Next up, I met a divorcee in somewhat similar circumstances to my own. She had two children who she loved very deeply. But unlike my own broken first administration, she had a hugely angry and ugly divorce. She was a woman of great, great beauty; and I became aware of another cliché; when you have a supermodel on your arm, you actually get far better treatment out and about. From the bartender to the baristas , I really liked basking in her glow. But almost every evening would end with a deeply toxic phone call between her and her former husband. I couldn’t ever let my own children near that ugliness, so I could not move forward with her.

In my heart of hearts, I really wanted to revive and fix my own broken marriage. But someone said to me, that men have hearts like light switches. They can turn “on” and “off” and on again. Women are like candles, and once the flame is blown out; it is almost impossible to reignite it.

Enter Leslie. A full year after my first marriage ended. She came into the picture. We had a lot in common. Like me, she was brought up in a mildly observant Jewish home in the Westside of Los Angeles. Also, she had a brief “starter” marriage. So she was familiar with some of the up and down aspects of divorce.

We went out for an initial “coffee date,” that turned into a dinner and then a movie. Leslie had worked for several years as a therapist herself. The highlights of our courtship were several long walks we took on the strand in Manhattan Beach, where she was living.

What I wanted, what I needed I suppose was a sympathetic ear. I had been though a lot; my circumstances had put my own family through a lot.

She shared with me some therapy phrases that she thought had real life applications. “On a daily basis, you want to have conversations with your significant other about these three things. First off an exchange of information. What happened to each of you that day. Next, you want to share wishes, hopes and dreams. And finally, any requests for change.” As we had these lengthy oceanfront strolls; it reminded me in the waning days of the first administration we did not have conversations like these. We got along well, but not deeply. Things that were troubling were more or less swept under the rug.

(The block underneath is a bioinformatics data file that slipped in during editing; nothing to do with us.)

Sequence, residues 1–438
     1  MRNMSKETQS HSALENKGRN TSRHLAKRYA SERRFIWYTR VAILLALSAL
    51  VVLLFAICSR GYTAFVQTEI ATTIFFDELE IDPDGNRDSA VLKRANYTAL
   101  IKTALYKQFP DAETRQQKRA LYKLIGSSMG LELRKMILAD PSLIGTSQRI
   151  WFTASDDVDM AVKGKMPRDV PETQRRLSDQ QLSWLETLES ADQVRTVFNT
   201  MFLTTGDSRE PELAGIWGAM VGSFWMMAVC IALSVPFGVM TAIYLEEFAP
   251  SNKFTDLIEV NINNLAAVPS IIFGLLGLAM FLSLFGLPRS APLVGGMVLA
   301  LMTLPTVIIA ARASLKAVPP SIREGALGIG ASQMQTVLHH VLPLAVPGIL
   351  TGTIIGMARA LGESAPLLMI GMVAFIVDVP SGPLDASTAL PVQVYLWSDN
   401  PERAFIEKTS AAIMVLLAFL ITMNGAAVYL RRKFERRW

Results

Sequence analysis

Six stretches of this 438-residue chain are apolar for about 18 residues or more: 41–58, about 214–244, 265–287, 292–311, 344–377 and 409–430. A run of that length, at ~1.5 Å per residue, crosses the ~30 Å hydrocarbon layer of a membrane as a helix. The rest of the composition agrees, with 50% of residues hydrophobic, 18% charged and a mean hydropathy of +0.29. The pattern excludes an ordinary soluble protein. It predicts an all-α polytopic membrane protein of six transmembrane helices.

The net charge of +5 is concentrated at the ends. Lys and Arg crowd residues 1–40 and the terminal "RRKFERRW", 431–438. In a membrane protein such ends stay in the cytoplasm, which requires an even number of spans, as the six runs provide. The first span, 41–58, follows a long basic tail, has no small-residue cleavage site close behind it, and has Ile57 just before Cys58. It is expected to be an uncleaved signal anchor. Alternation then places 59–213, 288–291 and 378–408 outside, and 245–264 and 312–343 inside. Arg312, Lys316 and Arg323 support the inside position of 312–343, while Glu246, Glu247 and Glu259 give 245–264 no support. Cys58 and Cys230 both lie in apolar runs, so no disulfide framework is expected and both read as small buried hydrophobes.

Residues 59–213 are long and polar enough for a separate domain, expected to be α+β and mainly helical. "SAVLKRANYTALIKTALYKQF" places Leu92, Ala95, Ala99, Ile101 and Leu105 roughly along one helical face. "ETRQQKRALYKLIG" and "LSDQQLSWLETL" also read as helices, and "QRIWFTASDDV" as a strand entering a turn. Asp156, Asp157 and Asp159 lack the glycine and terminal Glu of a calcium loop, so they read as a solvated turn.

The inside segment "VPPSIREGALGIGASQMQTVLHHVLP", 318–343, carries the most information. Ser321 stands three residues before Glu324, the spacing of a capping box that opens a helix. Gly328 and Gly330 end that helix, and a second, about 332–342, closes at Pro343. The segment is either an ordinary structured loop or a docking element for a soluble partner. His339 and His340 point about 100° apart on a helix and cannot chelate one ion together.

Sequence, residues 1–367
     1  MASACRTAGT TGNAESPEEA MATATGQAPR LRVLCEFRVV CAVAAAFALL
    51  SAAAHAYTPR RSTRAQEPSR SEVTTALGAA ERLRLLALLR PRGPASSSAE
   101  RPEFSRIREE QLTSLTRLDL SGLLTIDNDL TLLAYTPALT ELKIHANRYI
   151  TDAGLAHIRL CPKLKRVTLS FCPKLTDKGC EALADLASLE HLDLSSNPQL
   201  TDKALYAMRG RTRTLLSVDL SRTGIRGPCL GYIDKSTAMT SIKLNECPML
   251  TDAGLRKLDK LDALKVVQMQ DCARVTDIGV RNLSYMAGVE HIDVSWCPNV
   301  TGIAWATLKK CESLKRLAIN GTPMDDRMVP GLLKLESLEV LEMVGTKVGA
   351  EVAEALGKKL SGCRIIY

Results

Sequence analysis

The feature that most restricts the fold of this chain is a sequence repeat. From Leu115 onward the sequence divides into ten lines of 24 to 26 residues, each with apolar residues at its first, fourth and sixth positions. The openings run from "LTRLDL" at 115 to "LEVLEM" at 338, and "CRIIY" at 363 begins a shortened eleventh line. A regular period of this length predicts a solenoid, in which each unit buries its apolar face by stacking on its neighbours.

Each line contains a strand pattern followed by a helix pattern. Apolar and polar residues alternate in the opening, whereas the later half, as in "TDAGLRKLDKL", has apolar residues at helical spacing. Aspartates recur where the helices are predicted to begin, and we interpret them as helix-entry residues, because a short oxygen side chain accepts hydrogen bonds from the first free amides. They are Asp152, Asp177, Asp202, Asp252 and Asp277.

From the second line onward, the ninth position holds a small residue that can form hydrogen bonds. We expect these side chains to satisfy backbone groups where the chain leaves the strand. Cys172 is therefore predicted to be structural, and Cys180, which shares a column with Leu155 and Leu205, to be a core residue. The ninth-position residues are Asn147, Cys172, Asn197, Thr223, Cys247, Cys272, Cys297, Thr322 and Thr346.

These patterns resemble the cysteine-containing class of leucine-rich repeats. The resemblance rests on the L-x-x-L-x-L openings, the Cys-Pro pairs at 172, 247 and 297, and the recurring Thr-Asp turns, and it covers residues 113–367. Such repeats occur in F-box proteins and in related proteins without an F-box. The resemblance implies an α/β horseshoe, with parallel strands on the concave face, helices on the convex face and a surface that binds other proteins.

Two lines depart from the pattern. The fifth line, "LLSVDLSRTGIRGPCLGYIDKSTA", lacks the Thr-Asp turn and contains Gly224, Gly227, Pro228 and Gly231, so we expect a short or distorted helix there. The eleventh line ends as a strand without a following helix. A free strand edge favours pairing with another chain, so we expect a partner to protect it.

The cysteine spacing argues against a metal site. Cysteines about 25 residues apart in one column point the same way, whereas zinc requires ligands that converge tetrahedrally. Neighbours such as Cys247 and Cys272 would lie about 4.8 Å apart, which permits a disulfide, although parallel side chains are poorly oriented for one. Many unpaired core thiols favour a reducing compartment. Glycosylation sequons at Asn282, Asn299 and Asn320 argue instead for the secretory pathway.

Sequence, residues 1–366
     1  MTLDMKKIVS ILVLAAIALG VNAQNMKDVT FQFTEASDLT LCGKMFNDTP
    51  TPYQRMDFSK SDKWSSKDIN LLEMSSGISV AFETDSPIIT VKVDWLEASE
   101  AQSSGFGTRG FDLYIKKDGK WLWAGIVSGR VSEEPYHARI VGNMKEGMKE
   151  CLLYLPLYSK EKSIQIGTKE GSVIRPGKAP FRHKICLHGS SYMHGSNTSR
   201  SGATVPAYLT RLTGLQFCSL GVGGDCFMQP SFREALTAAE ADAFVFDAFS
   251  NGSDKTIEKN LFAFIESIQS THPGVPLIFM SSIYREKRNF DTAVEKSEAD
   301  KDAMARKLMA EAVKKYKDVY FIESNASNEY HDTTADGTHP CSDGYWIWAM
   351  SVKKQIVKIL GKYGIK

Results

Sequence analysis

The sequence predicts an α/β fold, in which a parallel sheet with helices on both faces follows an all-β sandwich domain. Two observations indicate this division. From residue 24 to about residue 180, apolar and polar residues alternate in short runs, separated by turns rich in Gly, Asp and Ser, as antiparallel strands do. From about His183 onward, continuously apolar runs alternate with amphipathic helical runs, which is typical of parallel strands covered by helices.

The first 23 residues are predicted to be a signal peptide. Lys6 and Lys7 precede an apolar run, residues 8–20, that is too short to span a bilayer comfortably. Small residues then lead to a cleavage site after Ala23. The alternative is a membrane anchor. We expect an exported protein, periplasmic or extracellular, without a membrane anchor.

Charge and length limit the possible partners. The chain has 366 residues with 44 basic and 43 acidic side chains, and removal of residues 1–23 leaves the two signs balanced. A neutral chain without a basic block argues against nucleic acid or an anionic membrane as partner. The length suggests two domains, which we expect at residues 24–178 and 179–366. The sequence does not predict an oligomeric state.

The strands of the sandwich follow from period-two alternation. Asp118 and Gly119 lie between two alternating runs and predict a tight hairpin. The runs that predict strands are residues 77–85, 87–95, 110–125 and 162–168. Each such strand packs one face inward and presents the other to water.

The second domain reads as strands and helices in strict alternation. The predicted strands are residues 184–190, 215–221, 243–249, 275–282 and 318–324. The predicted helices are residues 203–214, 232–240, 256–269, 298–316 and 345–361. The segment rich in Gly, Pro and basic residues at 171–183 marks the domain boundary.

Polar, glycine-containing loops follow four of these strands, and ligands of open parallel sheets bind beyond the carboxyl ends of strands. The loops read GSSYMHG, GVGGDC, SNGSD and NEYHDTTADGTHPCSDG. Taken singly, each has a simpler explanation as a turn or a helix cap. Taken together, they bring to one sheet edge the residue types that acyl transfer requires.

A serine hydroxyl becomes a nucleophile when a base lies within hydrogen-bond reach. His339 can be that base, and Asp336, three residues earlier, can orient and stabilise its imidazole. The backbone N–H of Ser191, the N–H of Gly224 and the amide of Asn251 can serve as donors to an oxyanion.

Finally, Leslie said, “What you are really looking for is a soft place to land.” Ding-ding-ding. That phrase resonated in my head so deeply, and so clearly; that even though I first heard it more than 11 years ago, I can still hear it, and picture it from when she first said it to me.

After so many comforting conversations, my relationship with Leslie accelerated quickly.

Our first daughter came within a year after our meeting, followed by our son 14 months later. It has been a hectic decade with many successes and many mistakes. Unlike the relative calm of my first marriage, here Leslie and I argue; we actually fight on occasion. It is new territory for me. With considerably more emotion extended for good and sometimes for ill. And, like everybody, we are busy. So those three tiered conversations; the exchange of information, the sharing of wishes hopes and dreams, and the requests for change; don’t take place as often as we would both like.

But for all the ups and downs, we find ourselves, along this lazy river. And I am just overwhelmed. A summer sun is setting in the Oregon sky and the water is glistening; and we are talking and laughing, and hand in hand we are boats with the current. The kids are well, the younger two with us splashing about, the “olders” both back at school.

I am so deeply relaxed and so deeply happy and so deeply connected, that I feel something that has been alluding me for so long is providing the buoyancy along that lazy river. We are floating together in a soft place to land.